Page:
After 34 years of teaching English at Hillcrest Academy, Steve Undseth has never been more excited to begin a school year. His primary function at HLA is to instill a love of WORDS in his students, beginning with “the Word became flesh and dwelt among us.” When God speaks, things happen and he has granted humans a portion of this same creative power in language--the spoken and written word. Words are powerful. Words can outlive and outlast the one who speaks/writes them. How important then, that we learn to use words wisely?
Mr. Undseth opened American Lit this week with the account of the prophet’s verbal trapping of King David, exposing his murderous and adulterous acts with Uriah and Bathsheba. “You are the man!” Nathan announced. When confronted with the truth, David was immediately brought to contrition. He was later called, “A man after God’s own heart,” and yet he was far from perfect.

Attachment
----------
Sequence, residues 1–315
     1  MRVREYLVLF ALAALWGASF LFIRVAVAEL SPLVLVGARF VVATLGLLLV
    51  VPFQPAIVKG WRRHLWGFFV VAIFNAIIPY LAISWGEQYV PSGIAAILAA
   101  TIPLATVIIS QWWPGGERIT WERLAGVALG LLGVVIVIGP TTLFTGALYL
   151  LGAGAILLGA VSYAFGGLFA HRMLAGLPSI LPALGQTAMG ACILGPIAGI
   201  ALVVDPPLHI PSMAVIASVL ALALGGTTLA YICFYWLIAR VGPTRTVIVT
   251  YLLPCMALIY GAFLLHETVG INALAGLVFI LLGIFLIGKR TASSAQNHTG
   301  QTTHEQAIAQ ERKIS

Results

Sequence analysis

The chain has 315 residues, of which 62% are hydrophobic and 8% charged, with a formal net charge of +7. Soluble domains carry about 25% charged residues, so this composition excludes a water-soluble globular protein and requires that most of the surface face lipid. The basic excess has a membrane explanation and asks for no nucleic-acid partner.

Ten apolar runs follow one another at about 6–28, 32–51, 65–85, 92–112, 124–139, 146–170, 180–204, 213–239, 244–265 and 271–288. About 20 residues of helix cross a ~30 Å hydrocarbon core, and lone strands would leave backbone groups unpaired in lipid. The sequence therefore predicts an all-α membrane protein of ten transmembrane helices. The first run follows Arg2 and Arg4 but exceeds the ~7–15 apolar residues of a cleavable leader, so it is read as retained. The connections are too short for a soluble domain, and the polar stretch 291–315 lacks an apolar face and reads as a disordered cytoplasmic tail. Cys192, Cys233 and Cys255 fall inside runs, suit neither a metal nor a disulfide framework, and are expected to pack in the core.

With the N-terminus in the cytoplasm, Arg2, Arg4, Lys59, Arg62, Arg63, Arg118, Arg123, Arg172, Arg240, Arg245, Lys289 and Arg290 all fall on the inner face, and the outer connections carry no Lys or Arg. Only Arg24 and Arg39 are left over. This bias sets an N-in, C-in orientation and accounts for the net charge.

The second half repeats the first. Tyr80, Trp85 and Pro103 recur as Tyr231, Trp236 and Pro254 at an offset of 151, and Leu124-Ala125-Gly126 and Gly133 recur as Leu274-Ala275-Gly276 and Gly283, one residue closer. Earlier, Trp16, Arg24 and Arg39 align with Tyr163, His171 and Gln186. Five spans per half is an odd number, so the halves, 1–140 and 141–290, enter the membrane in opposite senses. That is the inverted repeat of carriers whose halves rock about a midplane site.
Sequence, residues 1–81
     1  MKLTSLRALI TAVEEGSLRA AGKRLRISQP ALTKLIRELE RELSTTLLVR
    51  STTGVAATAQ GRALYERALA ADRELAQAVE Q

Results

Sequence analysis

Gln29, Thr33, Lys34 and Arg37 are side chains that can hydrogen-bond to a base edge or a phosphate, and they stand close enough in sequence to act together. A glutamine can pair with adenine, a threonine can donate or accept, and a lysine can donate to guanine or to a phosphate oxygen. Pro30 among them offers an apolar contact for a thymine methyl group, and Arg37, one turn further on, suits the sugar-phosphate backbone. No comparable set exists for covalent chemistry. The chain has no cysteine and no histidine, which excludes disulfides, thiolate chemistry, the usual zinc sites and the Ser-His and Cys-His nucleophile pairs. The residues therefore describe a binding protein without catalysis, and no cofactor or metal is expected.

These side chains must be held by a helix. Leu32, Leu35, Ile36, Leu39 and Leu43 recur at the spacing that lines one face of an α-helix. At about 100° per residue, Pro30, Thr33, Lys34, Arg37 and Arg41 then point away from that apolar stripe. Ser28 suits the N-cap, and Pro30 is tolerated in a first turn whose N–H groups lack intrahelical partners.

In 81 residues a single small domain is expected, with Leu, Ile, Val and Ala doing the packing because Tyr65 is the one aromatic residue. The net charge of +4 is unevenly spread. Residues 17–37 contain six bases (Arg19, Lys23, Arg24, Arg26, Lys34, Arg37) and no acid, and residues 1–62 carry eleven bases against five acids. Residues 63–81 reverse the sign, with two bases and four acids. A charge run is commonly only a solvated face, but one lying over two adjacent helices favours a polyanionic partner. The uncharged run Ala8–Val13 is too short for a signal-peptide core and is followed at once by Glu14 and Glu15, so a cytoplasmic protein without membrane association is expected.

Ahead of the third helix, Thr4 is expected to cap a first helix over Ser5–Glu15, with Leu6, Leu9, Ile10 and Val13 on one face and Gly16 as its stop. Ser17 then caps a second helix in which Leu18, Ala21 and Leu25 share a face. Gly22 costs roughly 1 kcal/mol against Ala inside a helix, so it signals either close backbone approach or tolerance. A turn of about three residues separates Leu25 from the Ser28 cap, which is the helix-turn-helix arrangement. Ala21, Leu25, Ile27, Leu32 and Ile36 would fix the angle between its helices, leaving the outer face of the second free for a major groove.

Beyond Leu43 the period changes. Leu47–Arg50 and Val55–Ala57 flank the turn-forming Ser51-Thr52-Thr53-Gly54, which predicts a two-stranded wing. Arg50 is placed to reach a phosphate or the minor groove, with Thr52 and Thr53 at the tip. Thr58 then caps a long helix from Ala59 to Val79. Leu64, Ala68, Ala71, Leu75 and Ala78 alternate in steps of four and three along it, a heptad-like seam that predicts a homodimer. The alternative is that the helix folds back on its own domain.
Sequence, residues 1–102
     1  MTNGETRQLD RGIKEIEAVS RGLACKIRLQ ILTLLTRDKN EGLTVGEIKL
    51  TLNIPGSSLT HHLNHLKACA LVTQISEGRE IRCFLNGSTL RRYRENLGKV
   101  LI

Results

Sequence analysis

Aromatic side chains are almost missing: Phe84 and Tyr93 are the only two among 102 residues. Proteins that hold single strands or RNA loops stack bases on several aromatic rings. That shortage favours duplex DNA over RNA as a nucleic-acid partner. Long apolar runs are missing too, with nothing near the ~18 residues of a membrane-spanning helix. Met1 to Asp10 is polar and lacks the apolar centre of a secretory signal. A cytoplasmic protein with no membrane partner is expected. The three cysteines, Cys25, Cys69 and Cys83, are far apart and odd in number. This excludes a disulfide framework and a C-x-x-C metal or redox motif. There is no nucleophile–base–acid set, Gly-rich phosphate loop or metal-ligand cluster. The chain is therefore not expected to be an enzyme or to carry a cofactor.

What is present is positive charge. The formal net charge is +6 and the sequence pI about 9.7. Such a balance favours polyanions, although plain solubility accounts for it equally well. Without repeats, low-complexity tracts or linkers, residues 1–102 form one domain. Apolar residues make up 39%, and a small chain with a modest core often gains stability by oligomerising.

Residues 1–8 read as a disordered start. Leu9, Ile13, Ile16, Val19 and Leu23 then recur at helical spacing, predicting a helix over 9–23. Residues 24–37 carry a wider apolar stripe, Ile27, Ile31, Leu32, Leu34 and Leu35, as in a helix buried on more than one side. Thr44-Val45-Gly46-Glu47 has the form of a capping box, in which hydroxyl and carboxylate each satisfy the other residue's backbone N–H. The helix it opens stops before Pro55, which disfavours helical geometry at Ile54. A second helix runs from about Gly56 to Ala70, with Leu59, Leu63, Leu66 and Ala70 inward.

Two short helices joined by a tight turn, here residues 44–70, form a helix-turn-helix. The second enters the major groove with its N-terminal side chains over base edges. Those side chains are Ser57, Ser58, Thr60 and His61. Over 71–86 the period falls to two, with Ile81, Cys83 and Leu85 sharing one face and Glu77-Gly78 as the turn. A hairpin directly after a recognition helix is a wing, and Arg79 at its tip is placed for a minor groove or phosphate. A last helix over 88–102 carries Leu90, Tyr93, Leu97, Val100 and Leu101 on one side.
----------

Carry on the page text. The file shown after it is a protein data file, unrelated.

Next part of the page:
The study of Proverbs, written by David’s son Solomon--will be central in Mr. Undseth’s classroom this year. Bringing God-breathed Scripture alongside classic literature makes for enlightening, in-depth discussion about the true nature of man and the things that undo him. Take, for example, this piece from 19th century poet, Stephen Crane:
In the Desert
In the desert
I saw a creature, naked, bestial,
Who, squatting upon the ground,
Held his heart in his hands,
And ate of it.
I said, “Is it good, friend?”
“It is bitter—bitter,” he answered;
“But I like it
“Because it is bitter,
“And because it is my heart.”
Analyzing this poem was the students’ first writing assignment of the year. They needed to consider: What does the Bible teach about the heart of man? Is it easier for us to be comfortable with our own bitterness, our own sin--because it is ours? In what ways can bitterness destroy us? Who is the creature in this poem and who is the friend?
Mr. Undseth teaches his students to look at facts and make inferences as they read; to think critically and to draw conclusions they can defend verbally and in writing. In so doing, they will grow in their ability to use God’s gift of language effectively, a skill that will serve them well as they move through and beyond high school.